• The diagonal line bisecting the larger, left-
  hand parallelogram appears to be
  considerably longer than the diagonal line
  bisecting the smaller, right-hand
  parallelogram, but is in fact the same length.
     Vertical–horizontal illusion
• It is the tendency for observers to
  overestimate the length of a vertical line
  relative to a horizontal line of the same length
              Zöllner illusion
• In this figure the black lines seem to be
  unparallel, but in reality they are parallel. The
  shorter lines are on an angle to the longer
  lines. This angle helps to create the impression
  that one end of the longer lines is nearer to us
  than the other end
                Müller-Lyer illusion
• an optical illusion consisting of nothing more than an arrow. When viewers
  are asked to place a mark on the figure at the mid-point, they invariably
  place it more towards the "tail" end
• The set on the bottom shows that all the arrows are of the same length.
Muller-Lyer Ticket Window
              The Orbison illusion
• The Orbison illusion is an optical illusion that was first
  described by the psychologist William Orbison in 1939.
• The bounding rectangle and inner square both appear
  distorted in the presence of the radiating lines.
• The background gives us the impression there is some sort of
  perspective. As a result, our brain sees the shape distorted.
            Poggendorff illusion
• involves the brain's perception of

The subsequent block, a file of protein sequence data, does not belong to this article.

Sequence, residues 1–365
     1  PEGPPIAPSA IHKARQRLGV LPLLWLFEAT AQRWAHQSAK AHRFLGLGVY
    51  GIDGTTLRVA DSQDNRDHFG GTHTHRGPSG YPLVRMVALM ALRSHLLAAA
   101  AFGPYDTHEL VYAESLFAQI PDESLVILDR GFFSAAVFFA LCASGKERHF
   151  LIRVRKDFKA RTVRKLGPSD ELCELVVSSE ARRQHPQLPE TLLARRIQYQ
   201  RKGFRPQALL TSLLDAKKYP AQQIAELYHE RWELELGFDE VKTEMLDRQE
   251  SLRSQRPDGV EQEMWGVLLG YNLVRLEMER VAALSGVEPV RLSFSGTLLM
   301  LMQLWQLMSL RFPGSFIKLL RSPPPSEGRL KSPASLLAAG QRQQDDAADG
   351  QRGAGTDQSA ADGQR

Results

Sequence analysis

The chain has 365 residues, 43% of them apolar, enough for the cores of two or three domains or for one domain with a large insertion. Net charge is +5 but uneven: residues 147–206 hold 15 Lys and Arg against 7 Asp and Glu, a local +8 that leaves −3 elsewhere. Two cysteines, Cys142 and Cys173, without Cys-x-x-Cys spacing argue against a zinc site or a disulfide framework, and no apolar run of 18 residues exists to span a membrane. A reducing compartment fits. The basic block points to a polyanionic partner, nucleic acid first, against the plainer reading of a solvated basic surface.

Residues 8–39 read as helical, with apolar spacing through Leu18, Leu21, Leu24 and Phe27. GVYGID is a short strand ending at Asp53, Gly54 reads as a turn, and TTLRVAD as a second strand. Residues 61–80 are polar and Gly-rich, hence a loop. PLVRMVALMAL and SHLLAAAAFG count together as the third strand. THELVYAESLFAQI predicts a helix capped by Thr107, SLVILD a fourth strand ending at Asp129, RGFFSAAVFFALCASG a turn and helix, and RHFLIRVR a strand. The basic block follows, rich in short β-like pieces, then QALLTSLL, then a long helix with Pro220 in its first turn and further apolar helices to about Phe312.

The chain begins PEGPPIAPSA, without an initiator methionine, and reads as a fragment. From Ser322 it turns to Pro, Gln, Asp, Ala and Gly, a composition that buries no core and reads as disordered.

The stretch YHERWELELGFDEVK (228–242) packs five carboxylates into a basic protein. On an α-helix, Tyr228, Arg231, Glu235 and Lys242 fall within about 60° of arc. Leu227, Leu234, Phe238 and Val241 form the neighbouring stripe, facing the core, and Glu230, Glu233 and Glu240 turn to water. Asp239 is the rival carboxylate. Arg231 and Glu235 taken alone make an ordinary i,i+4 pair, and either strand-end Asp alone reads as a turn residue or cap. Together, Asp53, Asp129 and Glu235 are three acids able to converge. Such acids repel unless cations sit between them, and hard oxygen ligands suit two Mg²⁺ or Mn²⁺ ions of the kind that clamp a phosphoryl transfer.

the interaction between diagonal
  lines and horizontal and vertical
  edges
• a straight black and red line is
  obscured by a grey rectangle. The
  blue line, rather than the red line,
  appears to be a continuation of
  the black one, which is clearly
  shown not to be the case on the
  second picture
     Peripheral drift illusion (PDI)
• This illusion was first described by Faubert and Herbert
  (1999), although a similar effect called the "escalator
  illusion" was reported by Fraser and Wilcox (1979). A
  variant of the PDI was created by Kitaoka and Ashida
  (2003)
• The illusion is easily seen when fixating off to the side,
  and then blinking as fast as possible. Most observers
  see the illusion easily when reading text (such as this
  article) with the illusion figure in the periphery. Motion
  is consistently perceived in a dark-to-light direction, so
  the two circles to the right should spin in opposite
  directions.
(PDI)
                 Illusion Images
• Do you find something
  unusual in this picture?